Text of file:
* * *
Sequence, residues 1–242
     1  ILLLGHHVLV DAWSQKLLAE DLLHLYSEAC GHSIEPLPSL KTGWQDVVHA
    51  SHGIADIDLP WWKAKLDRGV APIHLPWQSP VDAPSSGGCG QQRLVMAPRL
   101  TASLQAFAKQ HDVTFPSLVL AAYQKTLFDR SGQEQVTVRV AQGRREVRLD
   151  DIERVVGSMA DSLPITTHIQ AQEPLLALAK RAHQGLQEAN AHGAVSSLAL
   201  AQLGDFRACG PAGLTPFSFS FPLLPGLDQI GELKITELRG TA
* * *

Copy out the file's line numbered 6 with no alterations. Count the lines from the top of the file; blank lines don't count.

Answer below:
   201  AQLGDFRACG PAGLTPFSFS FPLLPGLDQI GELKITELRG TA